Lyon’s Bluff is a brand new trail climbing up Nelson’s north shore to a big view of town. It’s a great alternative to the busy Pulpit Rock Trail, but offers just as much of a workout and final viewpoint!
Distance, round trip: 3.8km
Season: late March to late November
Trailhead & Driving Directions
Leaving Nelson on Highway 3A towards Balfour, drive 2.3km from the far end of the Big Orange Bridge and look for a gravel road ascending up to a parking area on the left. There is a “No camping or Overnight Parking” sign at the beginning of the parking area. The turn-off is just after the green highway Kalso / Creston sign as you leave town.
Up the Trail
Head up the stone steps and begin the climb! The trail-builders laid out many stone steps which wind in a steady ascent. You’ll quickly leave the highway behind and begin shedding layers. Hike through ponderosa forest and catch glimpses of the lake below.
Under the Hydro Line
After 0.7km, the trail climbs out below a hydro line and offers a view of Nelson below. Keep ascending as the trail switchbacks higher.
Unlike Pulpit Rock, the Lyon’s Bluff trail climbs through more open-forest. This means it’s snow-free earlier in the season, but also there is less shade on hot sunny days. Bring plenty of water – you’ll find none on the trail.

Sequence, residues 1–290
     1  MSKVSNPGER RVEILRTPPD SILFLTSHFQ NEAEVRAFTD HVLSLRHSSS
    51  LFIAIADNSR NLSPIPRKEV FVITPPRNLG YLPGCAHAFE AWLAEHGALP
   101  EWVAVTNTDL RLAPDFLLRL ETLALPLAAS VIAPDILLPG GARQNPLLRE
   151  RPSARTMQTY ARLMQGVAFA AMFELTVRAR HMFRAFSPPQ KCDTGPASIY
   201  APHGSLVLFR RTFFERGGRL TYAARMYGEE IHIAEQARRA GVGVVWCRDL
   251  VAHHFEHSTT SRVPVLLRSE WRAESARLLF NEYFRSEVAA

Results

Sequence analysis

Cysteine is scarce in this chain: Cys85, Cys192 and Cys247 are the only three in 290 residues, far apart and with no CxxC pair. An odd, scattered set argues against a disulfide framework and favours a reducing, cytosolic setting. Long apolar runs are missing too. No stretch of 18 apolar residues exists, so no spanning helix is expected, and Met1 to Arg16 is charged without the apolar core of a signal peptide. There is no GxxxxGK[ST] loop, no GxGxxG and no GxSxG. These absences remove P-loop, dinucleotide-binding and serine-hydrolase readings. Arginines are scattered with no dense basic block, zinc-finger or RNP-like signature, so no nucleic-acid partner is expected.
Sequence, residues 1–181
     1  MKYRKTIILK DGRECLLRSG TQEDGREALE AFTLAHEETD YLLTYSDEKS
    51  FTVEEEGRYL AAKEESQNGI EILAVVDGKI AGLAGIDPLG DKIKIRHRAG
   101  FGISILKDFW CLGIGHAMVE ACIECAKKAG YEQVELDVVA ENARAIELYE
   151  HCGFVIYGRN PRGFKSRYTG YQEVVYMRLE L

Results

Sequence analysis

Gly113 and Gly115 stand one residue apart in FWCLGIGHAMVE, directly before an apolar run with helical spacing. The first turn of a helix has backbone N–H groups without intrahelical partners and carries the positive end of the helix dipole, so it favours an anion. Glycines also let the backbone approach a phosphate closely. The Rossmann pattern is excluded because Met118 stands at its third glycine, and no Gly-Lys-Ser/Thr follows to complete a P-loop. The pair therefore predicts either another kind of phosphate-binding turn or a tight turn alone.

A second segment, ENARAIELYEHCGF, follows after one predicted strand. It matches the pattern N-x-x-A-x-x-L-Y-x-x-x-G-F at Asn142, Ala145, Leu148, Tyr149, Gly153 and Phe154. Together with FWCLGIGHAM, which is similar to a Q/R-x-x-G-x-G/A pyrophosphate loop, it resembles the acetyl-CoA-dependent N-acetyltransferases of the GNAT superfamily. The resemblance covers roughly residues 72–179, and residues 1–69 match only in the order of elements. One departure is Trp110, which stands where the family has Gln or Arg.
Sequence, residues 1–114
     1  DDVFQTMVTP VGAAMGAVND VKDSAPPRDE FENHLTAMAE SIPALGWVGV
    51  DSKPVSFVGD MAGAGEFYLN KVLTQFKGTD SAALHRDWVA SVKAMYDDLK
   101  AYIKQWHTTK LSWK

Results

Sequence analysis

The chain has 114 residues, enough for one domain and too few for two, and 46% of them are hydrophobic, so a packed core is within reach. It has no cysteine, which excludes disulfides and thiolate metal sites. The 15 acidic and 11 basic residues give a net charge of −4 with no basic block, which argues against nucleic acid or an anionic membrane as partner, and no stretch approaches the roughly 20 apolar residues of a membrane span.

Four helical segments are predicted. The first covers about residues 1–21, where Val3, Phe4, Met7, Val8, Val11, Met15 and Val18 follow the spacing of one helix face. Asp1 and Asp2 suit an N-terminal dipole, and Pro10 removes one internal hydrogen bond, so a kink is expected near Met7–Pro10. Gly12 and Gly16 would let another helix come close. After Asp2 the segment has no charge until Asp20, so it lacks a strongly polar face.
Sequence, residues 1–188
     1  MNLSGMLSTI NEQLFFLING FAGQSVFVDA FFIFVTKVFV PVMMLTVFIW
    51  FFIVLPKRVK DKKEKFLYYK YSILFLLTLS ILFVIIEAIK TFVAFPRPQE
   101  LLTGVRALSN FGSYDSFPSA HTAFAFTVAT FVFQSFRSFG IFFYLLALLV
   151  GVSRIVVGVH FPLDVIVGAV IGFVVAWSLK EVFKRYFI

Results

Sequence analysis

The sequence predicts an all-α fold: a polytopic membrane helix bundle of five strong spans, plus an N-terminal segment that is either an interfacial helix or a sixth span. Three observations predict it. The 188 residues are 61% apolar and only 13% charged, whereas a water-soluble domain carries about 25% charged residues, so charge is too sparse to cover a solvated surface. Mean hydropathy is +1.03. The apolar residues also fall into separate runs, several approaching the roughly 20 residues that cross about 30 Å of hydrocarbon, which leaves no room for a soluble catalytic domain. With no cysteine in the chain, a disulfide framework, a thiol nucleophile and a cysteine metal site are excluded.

Around 1.5km, ascend another long staircase of stones as the trail crosses a rockslide. You’re almost there!
Reach the top of the bluff after 1.9km and about an hour of hiking at a moderate pace. There is a wide area with plenty of rocks to rest on. Spot the Big Orange Bridge (BOB) far below with distant Toad Mountain above Nelson.
The Friends of Pulpit Rock Society built this new trail in 2020 and are still finishing some work in 2021. Their plan is to eventually extend the trail higher to the CBC Tower and then back down to connect to Pulpit Rock Trail on the other side of Elephant Mountain.
Thanks Abby… I’ll try this one out soon.
Thank you all for your hard work, the Lyon family is happy that dad’s vision has come alive!
Great trail! Kudos to the trail engineers! This was as challenging coming down as it was going up. One thing to note: If you are bringing your dog, there are no streams for them to drink from, so pack water. They’ll likely need it.
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